Custom Search

Site Index | Kids | Kitchen | Shopping | Poetry | Weddings | Travel | Basic Irish | Quotes | Books | Music | Movies | Trivia | Blessings | Jokes | Links |

 



News Page

History Page
Traditions, folklore, history and more. If it's Irish, it's here. Or will be!

"People will not look forward to posterity who never look backward to their ancestors."
-Edmund Burke

Home Page

Index


Kids Page

Kitchen Recipe Page


Quotes

Library: Books, Movies, Music

Prints & Photos

Poetry

Jokes


Irish Wedding



Shops Ireland


Bunús na Gaeilge
(Basic Irish)


Circle of Prayer

Blessings



Did You Know?


Himself/Herself

Write to Us

Readers Write..

Links/Link to Us

Advertise with us

Awards & Testimonials

Submissions Guide






   

The May Day Dew - Should you roll naked in it?
by Bridget Haggerty

The plainest girl will be beautiful if she rises early on May Day and bathes her face in morning dew at sunrise. So goes the old Irish saying...

If she was daring enough to undress and roll naked, she was given great beauty of person; the dew was also believed to bring immunity to freckles, sunburn, chapping, and wrinkles during the coming year. It cured or prevented headaches, skin ailments and sore eyes and, if applied to the eyes, it ensured that its user rose every morning clear-eyed, alert and refreshed, even after a very short sleep.

The man who washed his hands in the dew of May Day gained skill in opening knots and locks, in mending nets and disentangling ropes. The woman who did like-wise could unravel tangled threads with ease.

To walk barefoot in the dew cured soreness, prevented corns and bunions and ensured healthy feet during the year. In his Natural History of Ireland, Dr. Gerard Boate (1652) writes of the virtues of May Day Dew:

"The English women and gentlewomen in Ireland, as in England, did use in the beginning of the summer to gather good store of dew, to keep it by them all the year after for several good uses both of physick and otherwise. Their manner of collecting and keeping it was this. In the month of May especially, and also in part of the month of June, they would go forth betimes in the morning, and before sun-rising, into a green field, and there either with their hands strike off the dew from the tops of the the herbs into a dish, or else throwing clean linnnen cloaths upon the ground, take off the dew from the herbs into them, and afterwards wring it out into dishes: and thus they continue their work until they have got a sufficient quantity of dew according to their intentions. That which is gotten from the grass will serve, but they chuse rather to have it from the green corn, especially wheat, if they can have the convenience to do so, as being persuaded that this dew hath more vertues and is better for all purposes than that which hath been collected from the grass or other herbs. The dew thus gathered they put in a glass bottle and so set it in a place where it may have the warm sunshine all day long, keeping it there all the summer; after some days rest some dregs and dirt will settle to the bottom; the which when they perceive, they pour off all the clear dew into another vessel, and fling away those settings. This they do often as those good women see any notable quantity; they still pour off the the clear dew from them: doing thus al summer long, until it be clear to the bottom. The dew thus thoroughly purified looketh whitish, and keepeth good for a year or two after."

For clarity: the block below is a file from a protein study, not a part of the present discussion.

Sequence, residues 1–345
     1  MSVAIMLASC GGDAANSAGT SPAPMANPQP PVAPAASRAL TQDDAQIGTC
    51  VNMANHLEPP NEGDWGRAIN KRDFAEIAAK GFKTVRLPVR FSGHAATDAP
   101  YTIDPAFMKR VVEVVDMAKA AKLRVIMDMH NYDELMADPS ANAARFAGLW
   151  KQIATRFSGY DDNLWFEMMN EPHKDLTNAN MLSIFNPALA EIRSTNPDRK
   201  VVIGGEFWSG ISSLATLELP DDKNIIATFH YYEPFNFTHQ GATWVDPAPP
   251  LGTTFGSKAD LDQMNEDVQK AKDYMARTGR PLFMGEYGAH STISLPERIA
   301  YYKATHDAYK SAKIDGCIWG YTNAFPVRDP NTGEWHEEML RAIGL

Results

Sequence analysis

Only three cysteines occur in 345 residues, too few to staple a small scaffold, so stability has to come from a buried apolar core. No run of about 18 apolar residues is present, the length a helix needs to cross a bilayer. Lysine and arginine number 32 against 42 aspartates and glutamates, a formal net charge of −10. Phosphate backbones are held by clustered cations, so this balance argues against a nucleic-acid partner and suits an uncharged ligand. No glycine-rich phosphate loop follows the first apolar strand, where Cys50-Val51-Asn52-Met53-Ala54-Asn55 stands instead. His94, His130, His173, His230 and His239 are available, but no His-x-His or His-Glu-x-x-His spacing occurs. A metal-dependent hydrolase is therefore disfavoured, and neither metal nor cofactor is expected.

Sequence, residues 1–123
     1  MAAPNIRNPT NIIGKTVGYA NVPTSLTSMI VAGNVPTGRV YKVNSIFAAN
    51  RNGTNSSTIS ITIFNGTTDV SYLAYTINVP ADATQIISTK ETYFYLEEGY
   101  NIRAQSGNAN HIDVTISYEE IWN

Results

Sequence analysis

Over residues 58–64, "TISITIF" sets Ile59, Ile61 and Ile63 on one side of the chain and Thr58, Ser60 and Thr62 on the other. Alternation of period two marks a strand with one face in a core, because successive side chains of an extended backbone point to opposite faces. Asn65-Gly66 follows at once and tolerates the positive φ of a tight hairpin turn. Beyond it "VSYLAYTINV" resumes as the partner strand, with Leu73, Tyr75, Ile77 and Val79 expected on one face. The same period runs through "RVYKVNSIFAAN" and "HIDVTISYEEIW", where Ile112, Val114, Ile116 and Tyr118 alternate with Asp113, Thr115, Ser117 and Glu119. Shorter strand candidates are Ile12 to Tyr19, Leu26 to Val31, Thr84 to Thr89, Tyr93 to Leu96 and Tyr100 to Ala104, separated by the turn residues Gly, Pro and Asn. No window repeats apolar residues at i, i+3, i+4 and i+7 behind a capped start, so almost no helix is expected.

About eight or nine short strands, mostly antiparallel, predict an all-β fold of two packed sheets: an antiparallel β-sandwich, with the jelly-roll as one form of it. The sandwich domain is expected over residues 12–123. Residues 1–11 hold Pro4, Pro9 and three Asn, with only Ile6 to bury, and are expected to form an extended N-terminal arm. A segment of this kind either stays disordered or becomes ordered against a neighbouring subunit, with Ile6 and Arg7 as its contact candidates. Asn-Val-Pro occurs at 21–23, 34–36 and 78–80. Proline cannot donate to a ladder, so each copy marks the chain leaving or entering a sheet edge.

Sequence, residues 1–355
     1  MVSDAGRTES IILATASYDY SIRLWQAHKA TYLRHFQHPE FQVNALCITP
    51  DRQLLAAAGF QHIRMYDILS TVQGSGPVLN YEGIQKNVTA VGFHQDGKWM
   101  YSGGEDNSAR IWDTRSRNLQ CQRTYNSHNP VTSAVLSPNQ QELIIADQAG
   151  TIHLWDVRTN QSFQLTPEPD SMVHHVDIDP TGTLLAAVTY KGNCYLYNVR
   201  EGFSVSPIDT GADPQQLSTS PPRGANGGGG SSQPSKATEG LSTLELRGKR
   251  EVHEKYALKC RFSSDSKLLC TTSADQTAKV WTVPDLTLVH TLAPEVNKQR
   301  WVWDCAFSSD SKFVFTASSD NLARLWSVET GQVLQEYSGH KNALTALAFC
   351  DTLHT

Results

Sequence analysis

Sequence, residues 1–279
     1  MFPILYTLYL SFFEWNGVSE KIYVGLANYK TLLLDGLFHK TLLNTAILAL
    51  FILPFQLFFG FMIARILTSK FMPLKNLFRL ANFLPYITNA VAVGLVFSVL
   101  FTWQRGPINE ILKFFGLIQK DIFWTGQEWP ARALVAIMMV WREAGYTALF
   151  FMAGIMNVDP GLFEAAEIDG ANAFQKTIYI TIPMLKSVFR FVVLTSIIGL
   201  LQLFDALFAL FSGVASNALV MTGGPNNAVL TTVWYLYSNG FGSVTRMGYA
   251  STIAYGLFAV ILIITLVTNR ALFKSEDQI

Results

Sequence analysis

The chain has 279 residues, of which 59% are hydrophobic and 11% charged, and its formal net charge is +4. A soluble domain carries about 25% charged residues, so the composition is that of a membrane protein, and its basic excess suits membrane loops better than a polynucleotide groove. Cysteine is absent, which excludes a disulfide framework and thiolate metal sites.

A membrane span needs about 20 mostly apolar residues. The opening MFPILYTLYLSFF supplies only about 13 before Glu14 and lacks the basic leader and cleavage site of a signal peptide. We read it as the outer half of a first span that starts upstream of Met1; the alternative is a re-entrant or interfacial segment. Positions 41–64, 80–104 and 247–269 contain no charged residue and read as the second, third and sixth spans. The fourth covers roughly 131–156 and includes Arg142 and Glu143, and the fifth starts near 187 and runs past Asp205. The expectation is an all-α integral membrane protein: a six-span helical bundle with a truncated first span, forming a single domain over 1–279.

In another (May the month of mirth and merriment) article, we posed a riddle:

I washed my face in water
that had neither rained nor run,
And I dried it on a towel
that was never woven or spun.

When we published this article, of all the answers we received, Audrey, Judith and Tina came closest, but not quite close enough. This year Deiridh sent us the correct answer. Not to leave it there, she gave us another riddle:
A white mare in the lake and she does not wet her foot.

Well done Deiridh!

Sure enough we received an answer to Deiridh's riddle:

G'day Bridget

The answer to the riddle - the white mare is a wave.
Phil Lynch
Geraldton
Western Australia

Many thanks for solving that riddle, Phil!

 

Thu, Apr 20, 2017

Fungie, the Dolphin of Dingle Bay

The dolphin is one of Ireland’s most fascinating mammals and Fungie is the most famous. He is a fully- grown bottlenose who is 13 feet (4 meteres) long and weighs about 500 lbs or around one-quarter tonne.
Fungie was first noticed in 1984 when Paddy Ferriter, the Dingle Harbour lighthouse keeper, began watching a lone wild dolphin escort the town's fishing boats to and from port. 
Later that year, it became officially recorded that Fungie was a permanent resident of the entrance channel to Dingle and the self-appointed “pilot” of the fleet. 
Over the years Fungie has developed from a timid but inquisitive observer of the human visitors into a playful, though mischievous, companion.  From observation of marks on his body, it seems that he does 'interact' with other whales, dolphins or porpoises, proving perhaps he is neither hermit nor outcast from his own kind, but rather that he is simply content to spend most of his time in and around Dingle Bay.


Click for More Culture Corner.




 

Site Index | Kids | Kitchen | Shopping | Poetry | Weddings | Travel | Basic Irish
Quotes |
Books | Music | Movies | Trivia | Blessings | Jokes | Links |

  All contents copyright © 2001 through 2011 inclusive - all rights reserved.
March 4, 2011
   
Rollover button Images:
Wedding LaRose, Kids Reading & Kitchen Apples and Tea from All Posters prints.
The information provided on this site is offered as-is, without warranty. This site's owners, operators, authors and partners disclaim any and all liability from the information provided herein.
Any trademarks or registered trademarks on this site are the property of their respective owners.
 

This Web Site Bashed, Kicked & Glued together by Russ Haggerty.